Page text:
We are focusing around a bootstrap grid layout system, to ensure we have intuitive and powerful layout capabilities. We have invested in a dynamic-grid system for bootstrap grids, to avoid the issue of having to design your layout first, as it’s hard to change after.
Working with UXD to redesign each of the editors for the form components.
There are less complaints on this item than others, probably due to it’s more simplistic nature. But UXD have a number requests, to try and improve the overall experience anyway.
Support simple business types, optionally and in addition to java types.
i.e. number, string, currency, but we won’t lose the ability to use the Java types when required.
Layout changes and CSS improvements
Longer term we need a visual ERD/UML style modeller, but that will not happen for 7.0
This does not exist yet, but is necessary for case management to work end-to-end. It entails the system allowing data sources to be used, tables to be viewed and their data to be edited. More importantly it allows design time data driven components for forms.
What’s Not being improved for 7.0
7.1 will need to have a stronger focus on trying to become more convenient and pleasurable. This will require stronger focus on streamlining how the user uses the tool as a whole, making it easier and faster for them to get things done. Wizards and task oriented flows will be essential here, and general improved interaction design.
We hope to pick this up for 7.1 in 2017.
Redesign of the navigation
Major redesign of process instance list or task list (though adding features to support case management)
More focus on building custom case applications that can be tailored specifically to what the customer needs
It is unclear if the product team will be improving the usability of the installer and patching.
Product Portal and Download
It is unclear if the product team will be improving how product and patches are found.
Other Notable Roadmap Work
Drools is currently focusing on trying to enable multi-core scalability for CEP use cases and also high availability for CEP use cases. There is also ongoing longer term research into pojo-rules and a drl replacement (will most likely be a superset of java).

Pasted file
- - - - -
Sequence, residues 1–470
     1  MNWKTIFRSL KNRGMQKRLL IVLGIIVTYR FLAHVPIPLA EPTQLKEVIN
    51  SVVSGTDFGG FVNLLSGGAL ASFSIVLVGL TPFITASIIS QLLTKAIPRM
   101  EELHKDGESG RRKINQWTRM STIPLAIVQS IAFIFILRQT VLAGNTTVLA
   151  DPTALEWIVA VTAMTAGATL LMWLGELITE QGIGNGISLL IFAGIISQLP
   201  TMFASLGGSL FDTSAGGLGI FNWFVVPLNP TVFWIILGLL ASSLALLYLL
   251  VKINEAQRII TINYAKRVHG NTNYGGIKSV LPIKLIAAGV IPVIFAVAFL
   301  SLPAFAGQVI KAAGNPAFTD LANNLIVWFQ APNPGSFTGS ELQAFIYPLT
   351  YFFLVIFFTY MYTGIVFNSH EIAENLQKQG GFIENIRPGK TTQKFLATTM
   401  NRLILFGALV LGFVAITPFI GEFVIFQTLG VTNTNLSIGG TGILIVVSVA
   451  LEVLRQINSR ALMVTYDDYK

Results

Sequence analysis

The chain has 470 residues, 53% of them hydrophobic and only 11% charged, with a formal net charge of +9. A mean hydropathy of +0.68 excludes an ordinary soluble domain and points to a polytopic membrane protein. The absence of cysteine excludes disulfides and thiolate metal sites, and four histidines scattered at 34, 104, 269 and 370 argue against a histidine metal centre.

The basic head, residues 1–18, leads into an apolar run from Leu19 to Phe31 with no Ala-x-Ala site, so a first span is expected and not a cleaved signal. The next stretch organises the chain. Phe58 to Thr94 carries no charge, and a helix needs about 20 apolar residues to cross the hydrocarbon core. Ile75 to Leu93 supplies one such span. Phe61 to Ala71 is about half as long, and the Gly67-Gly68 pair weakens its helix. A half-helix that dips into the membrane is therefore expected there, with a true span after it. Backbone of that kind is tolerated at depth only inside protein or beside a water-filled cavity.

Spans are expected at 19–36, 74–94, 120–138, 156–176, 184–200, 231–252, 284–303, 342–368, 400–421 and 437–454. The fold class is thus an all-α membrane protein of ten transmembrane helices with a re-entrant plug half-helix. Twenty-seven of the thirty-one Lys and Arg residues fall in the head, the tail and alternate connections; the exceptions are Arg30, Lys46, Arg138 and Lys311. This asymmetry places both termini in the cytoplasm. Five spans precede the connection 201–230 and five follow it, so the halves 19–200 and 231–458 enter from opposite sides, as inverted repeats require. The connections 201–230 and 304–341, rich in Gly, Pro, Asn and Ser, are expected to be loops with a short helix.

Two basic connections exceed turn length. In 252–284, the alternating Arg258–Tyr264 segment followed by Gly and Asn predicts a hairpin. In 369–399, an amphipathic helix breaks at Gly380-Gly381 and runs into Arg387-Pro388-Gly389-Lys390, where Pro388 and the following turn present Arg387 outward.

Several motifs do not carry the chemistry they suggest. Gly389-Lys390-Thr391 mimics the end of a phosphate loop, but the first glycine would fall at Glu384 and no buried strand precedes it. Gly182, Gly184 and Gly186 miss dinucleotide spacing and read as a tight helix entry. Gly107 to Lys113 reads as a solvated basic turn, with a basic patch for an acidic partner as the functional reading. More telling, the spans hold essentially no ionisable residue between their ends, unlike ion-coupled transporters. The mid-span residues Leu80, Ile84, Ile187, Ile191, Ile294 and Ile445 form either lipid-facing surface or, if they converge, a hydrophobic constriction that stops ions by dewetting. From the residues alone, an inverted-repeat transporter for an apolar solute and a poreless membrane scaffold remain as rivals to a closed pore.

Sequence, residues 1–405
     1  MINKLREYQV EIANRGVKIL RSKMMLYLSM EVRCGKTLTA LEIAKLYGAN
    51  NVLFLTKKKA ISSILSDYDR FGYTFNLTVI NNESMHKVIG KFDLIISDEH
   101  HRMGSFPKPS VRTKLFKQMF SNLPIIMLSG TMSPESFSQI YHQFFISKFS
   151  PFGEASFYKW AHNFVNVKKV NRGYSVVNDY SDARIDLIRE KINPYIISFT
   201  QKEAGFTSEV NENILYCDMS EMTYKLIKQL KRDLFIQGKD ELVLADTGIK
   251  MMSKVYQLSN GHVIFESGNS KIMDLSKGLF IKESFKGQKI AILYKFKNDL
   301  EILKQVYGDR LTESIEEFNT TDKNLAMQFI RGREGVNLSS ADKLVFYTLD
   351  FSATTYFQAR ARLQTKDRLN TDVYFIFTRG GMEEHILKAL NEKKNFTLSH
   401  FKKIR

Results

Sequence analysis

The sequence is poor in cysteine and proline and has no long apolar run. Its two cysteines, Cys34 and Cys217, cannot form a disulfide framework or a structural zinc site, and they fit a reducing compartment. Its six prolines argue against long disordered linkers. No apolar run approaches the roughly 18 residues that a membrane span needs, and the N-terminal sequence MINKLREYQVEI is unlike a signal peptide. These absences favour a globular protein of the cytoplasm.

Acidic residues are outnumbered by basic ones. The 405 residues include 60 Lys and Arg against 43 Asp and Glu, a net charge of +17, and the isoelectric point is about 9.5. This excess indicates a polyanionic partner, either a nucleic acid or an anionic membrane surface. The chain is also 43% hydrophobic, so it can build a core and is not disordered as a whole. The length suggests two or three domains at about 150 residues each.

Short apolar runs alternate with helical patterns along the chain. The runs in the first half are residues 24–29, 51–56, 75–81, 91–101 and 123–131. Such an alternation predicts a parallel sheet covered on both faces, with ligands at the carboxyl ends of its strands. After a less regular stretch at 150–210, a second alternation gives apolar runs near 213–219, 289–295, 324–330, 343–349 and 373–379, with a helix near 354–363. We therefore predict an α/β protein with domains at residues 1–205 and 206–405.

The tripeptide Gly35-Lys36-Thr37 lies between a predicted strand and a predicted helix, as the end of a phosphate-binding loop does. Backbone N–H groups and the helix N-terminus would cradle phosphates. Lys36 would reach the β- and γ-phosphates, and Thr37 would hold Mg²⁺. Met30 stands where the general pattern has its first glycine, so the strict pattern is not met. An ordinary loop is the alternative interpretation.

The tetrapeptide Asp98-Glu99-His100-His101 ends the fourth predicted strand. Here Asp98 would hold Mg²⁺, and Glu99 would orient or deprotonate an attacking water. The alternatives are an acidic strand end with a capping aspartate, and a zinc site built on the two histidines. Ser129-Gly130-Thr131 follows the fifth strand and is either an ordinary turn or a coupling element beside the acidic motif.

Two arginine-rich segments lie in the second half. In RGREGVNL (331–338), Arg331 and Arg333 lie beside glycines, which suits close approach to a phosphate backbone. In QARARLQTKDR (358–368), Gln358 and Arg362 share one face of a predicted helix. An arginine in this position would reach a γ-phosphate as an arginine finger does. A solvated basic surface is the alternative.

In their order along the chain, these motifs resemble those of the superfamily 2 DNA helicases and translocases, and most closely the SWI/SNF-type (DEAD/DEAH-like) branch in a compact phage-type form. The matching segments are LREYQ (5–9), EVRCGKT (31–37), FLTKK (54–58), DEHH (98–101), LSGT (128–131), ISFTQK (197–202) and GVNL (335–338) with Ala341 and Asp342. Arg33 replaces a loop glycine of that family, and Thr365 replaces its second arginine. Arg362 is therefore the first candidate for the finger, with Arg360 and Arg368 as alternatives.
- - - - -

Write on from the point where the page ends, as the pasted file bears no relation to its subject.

Horizontal scaling for the cloud is the main focus for jBPM and represents a number of challenges for jBPM, related to how processes running on different services work with each other, as well as how signals and messages are routed and information collected and aggregated.
Horizontal scaling through Partitioned Search is the main focus for OptaPlanner.
Organisational Changes Done and Ongoing
The group is now focusing engineers for longer periods of time to specific parts of the product. This will bring about depth and maturity to those areas the engineers work on.
6.x focus was on rapid breadth expansion of features. This gave time to market, which allowed the revenue growth we have, but comes with the pains we have now. The shift to depth will help address this.
Migrating to PatternFly
Allows engineering and UXD to be more fully engaged. Ensures our product is consistent with all other Red Hat products. Allow Business Central to leverage ongoing research from the PatternFly team.
UXD team has increased from 1 person to 2.5. With one person dedicated to providing HTML and CSS to developers.
Usability testing of primary workflows and new features with participants representing target Personas for the given workflows/features.
The field has become and continues to become more engaged, via the BPM and BRMS Community of Practice initiative, and in particular Justin Holmes and Jim Tyrell’s involvement.
They have attended multiple team meetings now, and provide constant feedback and guidance. This has been invaluable.
The field engages with UXD in a twice monthly meeting, which lead the effort in developing Personas. These design tools provide a structure to discussions about who our users are and what we need to build in order to make them happy. Today, these personas are all focused on the design/authoring experience, as this is currently the field’s biggest perceived gap in features and we want to focus our effort as much as possible.
Jim Tyrrell is proposing to lead a regular field UXD review, to review any changes going on in community, as they happen. This effort should be scheduled to be done every 3 weeks or so.
We also should think about bringing in System Integrator Consulting Partners to help with designing our offering.
Engineering releases of the product are being consumed by SA’s and Consultants in order to do exploratory testing before GA.
More continuous sustaining effort: organisational and planning changes to support a continuous effort on improving the quality of the platform across the board. Rather than continuous switching of developer’s focus or postponing bug fixing towards the end of the cycle, there should be a continuous effort to fix known issues (large and small) to improve the overall quality and experience. Currently set at 20% on average across the team (where some developers are much more focused on sustaining than others).
The documentation team have agreed to move to the same tooling (asciidoc) and content source (git repo) as engineering. This should make it easier for them to stay in sync and add value.